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Friday, August 16, 2013

We Have A Lot To Learn From The Wild

For speed was a profoundly different way of moving through the world than my normal modes of travel. Miles weren't things that blazed dully past. They were long, intimate straggles of weeds and clumps of dirt, blades of grass and flowers that bent in the wind, trees that lumbered and screeched. They were the sound of my breath and my feet hitting the trail one step at a time and the click of my ski pole. The [trail] had taught me what a mile was. I was humbled [by] each and every one...

...It had nothing to do with the gear or footwear or the backpacking fads or philosophies of any particular era or even getting from point A to point B. 

It had only to do with how it felt to be in the wild. With what it was like to walk for miles for no reason other than to witness the accumulation of trees and meadows, mountains and deserts, streams and rocks, rivers and grasses, sunrises and sunsets. The experience was powerful and fundamental.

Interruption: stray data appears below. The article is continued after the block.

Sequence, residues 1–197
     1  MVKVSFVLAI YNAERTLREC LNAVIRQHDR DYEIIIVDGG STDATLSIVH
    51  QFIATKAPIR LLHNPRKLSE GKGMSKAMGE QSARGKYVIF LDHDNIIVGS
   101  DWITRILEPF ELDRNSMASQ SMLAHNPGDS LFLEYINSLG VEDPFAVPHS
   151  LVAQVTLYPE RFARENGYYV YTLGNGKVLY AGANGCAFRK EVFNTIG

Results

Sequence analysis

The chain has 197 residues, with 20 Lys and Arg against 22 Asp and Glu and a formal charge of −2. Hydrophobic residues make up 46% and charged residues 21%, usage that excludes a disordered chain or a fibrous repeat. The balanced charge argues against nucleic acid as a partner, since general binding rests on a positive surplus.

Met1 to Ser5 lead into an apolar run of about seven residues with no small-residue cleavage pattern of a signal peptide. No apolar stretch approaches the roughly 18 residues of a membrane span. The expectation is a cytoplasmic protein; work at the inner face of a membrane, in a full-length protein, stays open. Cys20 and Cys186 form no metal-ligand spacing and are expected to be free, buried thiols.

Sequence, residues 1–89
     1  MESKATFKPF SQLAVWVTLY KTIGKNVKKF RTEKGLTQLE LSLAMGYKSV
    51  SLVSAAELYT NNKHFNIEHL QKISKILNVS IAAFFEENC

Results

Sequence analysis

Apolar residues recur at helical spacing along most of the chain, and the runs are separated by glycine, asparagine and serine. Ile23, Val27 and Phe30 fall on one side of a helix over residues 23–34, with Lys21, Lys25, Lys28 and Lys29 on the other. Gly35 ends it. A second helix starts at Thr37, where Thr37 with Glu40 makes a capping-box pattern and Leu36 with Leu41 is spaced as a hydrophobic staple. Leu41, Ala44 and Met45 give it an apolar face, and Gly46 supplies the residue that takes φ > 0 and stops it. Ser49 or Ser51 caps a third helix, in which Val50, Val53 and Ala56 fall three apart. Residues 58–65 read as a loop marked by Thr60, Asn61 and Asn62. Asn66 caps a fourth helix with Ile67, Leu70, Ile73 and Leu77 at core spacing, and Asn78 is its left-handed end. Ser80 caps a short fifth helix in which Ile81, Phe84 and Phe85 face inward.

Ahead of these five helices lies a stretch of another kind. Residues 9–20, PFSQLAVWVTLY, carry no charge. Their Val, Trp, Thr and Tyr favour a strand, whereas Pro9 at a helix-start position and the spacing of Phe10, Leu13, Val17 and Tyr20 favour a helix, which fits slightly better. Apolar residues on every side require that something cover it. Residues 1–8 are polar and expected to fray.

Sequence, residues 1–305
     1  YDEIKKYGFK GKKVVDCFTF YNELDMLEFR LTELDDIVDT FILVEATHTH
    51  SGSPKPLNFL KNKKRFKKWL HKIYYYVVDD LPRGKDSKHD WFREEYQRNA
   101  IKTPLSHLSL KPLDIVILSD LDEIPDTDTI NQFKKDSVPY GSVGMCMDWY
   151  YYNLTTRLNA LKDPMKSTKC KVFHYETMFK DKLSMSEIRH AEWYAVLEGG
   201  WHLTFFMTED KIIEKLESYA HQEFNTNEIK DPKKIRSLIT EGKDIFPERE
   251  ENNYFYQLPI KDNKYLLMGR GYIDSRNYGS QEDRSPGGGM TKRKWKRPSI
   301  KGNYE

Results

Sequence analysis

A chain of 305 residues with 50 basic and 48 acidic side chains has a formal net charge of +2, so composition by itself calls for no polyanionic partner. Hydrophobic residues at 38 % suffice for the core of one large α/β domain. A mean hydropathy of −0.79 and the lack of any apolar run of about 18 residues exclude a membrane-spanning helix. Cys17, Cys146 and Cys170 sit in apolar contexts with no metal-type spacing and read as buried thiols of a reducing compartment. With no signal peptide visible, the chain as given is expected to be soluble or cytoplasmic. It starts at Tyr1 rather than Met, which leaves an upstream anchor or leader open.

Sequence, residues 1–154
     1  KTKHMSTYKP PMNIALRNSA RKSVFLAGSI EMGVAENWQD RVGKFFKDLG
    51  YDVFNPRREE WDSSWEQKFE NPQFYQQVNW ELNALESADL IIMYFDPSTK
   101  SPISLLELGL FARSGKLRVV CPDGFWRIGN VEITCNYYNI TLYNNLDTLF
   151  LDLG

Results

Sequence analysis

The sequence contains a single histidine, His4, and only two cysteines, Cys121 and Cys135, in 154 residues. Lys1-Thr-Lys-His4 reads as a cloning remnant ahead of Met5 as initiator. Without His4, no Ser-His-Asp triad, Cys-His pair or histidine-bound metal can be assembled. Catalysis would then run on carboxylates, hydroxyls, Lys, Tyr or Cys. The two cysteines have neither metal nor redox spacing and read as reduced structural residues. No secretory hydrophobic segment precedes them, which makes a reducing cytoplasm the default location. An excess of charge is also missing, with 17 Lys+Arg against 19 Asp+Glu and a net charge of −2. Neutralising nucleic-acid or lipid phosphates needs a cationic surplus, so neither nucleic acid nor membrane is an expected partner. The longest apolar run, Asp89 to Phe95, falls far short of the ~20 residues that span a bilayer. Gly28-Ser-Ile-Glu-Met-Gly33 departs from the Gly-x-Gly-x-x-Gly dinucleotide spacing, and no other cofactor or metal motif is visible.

~ Cheryl Strayed in Wild

This morning my husband and I hiked the most strenuous and difficult hike on Telluride Mountain. We started at 8:30 a.m. and made it back into town about 1:30 p.m. Climbing 2,500 vertical feet to find ourselves more than 12,000 feet above sea level, we could see everything and hear nothing but the cool wind.

Descending 3,500 through rocky switchbacks against the steep and unforgiving mountainside, we finally found relief in a forrest of aspen trees and evergreens where the trails leveled out and softened under our feet with pine needles. I stopped periodically to admire the aspen trees--when the wind brushed up against the leaves they flutter like green glitter, exposing their paler green underbellies. And then there was the fear of bears. We didn't bring bells or a whistle, and we were not a large group, thus making us a decent target. But then I realized we are in their world, not in our world. This, too, was humbling.

The total hike was 8.3 miles of challenging ups and downs, but being alone in the wild for the better part of a day was profound. We never passed another hiker until the last mile on the trail. At one point we were on top of the world and at another we were gliding alongside waterfalls and creeks. Afterward, we could barely walk and needed calories more than I have ever felt before.
There's always a time where a you have to overcome your mind on a trail. Sometimes you want to give up, quit and cry. But it is in getting through those tough parts that reward comes. In the end, the reward was amazing.